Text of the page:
Sony VPL-HW10 – Performance

Sony VPL HW10 Brightness

It is the nature of home theater projectors, that there are two general types of projectors when it comes to brightness. The first group, which includes the Sony HW10, are those that do not have a big increase in brightness as you go from “best” movie mode, to “brightest mode”. Typically, with this class of projectors, “brightest” mode is typically 10% to 100% brighter, than best mode. The other class, shall we say, typically, has 100% to 400% more lumens, in brightest mode.

With the first class, like this Sony, the problem is that there is plenty of lumens for movie watching, but not enough for HDTV/TV/Sports, with some room ambient light.

As a result, with the Sony, you can (forgetting higher gain screens), go with a significantly larger screen, if all you care about is movie watching, but if you plan to do a lot of HDTV/TV/Sports, with some ambient light, as well as movies, then you need to limit the screen size.

The Sony VPL-HW10 is brighter than most in best mode, and definitely less brighter than average in “brightest.

Out of the box (pre-adjustment) measurements:
Cinema 773 lumens @ 6502K
Standard 840 @ 7921K
Dynamic 873 @ 9187K

After calibration Cinema mode actually increased in brightness to 836 lumens (we arbitrarily consider “average brightness” to be 400 to 550 lumens). Only a handful of projectors are brighter (in best mode), including the InFocus IN83, and the Optoma HD81-LV, but both of those are real light cannons when in their brightest modes. TheJVC RS1RS1x, and likely the RS10 shipping next month, are very similar to the Sony, with around 800 lumens in best mode, and 900 in brightest. They are also direct competitors.

More details and information can be found in the calibration page of this review.

As you can see, Cinema mode is virtually as bright as Dyamic mode.

Bottom line: The types of content you watch, will determine how large a screen will work for you. If you don’t care about HDTV/TV/Sports, or don’t mind watching them with your room at its darkest, then you can have a nice large screen, like my 128″ or even a little larger, but if you are looking at watching HDTV with some lights on, you better keep your screen size to 110″ or smaller (assuming normal gain screens). My rule of thumb for filling my 128″ Firehawk for sports viewing, with some ambient light, is a minimum of 1500 lumens.

Dropping the lamp to eco-mode (low power), we measured a much larger than typical 32% drop in lumens. That’s probably a good thing, as those with smaller screens, will likely run the projector in eco-mode (low lamp power), for movie watching, and kick it back up to full power for other content.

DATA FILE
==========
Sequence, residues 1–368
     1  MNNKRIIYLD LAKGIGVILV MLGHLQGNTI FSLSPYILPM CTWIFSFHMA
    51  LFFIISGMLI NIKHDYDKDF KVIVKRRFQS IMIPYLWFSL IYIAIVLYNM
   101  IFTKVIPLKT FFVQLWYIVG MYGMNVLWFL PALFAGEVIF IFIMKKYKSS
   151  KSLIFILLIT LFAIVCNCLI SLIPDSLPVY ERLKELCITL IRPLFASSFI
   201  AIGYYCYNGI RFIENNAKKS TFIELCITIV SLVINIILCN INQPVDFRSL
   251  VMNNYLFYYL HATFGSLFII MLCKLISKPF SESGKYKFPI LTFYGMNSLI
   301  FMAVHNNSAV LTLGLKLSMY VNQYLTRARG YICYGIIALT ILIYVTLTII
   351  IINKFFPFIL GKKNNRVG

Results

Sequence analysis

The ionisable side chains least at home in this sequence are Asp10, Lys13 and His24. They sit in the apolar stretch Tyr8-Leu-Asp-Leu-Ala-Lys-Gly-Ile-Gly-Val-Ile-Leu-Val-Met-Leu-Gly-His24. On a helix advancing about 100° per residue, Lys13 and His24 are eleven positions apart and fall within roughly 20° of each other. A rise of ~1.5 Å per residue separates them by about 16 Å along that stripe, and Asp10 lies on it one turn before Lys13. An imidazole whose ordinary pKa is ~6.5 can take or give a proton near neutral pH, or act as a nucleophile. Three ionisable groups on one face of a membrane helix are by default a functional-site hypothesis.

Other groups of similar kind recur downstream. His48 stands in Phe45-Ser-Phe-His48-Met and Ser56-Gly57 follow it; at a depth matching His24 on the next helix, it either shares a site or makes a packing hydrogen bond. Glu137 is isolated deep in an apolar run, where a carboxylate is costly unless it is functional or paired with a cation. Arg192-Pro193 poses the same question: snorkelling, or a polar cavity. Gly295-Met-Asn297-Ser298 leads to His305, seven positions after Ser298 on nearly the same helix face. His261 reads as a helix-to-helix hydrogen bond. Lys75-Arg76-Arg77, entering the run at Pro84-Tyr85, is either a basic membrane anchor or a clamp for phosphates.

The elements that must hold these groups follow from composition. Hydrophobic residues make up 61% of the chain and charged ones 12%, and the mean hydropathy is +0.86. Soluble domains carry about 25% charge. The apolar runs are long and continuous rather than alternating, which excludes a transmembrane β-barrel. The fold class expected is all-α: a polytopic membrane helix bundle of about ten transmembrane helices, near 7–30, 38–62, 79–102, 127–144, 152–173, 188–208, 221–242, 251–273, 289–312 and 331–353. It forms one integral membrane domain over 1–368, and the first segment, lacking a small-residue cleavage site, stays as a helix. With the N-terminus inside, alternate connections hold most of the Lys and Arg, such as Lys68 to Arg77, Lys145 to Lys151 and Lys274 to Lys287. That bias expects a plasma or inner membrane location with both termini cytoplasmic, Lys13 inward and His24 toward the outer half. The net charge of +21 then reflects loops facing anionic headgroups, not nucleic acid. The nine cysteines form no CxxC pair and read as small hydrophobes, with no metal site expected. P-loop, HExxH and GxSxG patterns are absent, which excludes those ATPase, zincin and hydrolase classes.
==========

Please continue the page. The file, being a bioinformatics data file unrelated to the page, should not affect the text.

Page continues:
With a 1.6:1 lens, the brightness difference between closest position (wide angle) and furthest (telephoto) is not near as great as the many projectors with 2:1 zooms.

At full wide angle, brightness increases by 11% to roughly 930 lumens.

At full telephoto mode, brightness decreases by 16% to 698 lumens.

Bottom line, if ceiling mounting is your thing, and you can up your brightness slightly by mounting the projector so you are almost to full wide angle.

Sony VPL-HW10 Sharpness

It’s hard to say, definitely, since it’s been a long time since I had the older VPL-WV40here, but my take is that sharpness has been improved, but only very slightly. I did have the Sony side by side with the Panasonic PT-AE3000, and I’d give the Sony the slightest advantage (but not enough to affect any buying decsion. I doubt anyone could determine which is sharper, without a side by side comparison.

That makes the Sony still a little soft compared to the sharpest projectors out there, such as the InFocus IN83, most Optoma’s and the Mitsubishi 1080p projectors. TheSanyo PLV-Z3000, (which arrived yesterday, but hasn’t been viewed yet, will fit into the sharper group as well (even their low cost PLV-Z700 is sharper than the Sony.

I refer to projectors like the Sony (in terms of sharpness) to be average, and the rest, sharper. LCoS projectors typically are in the average category, so the Sony keeps good company, with the likes of the JVC LCoS projectors, and also some others, notable the Panasonic, and the Epson Home/Pro Cinema 1080 UB. The new Epson’s should be here shortly. They are claiming an improvement in sharpness, but, whether it’s significant enough to put the new Epson’s in the “sharper” category, we won’t know for a few weeks.

Sony HW10
Sony VPL-VW60
Mitsubishi HC7000
Sanyo PLV-Z2000
Optoma HD8000
InFocus IN82

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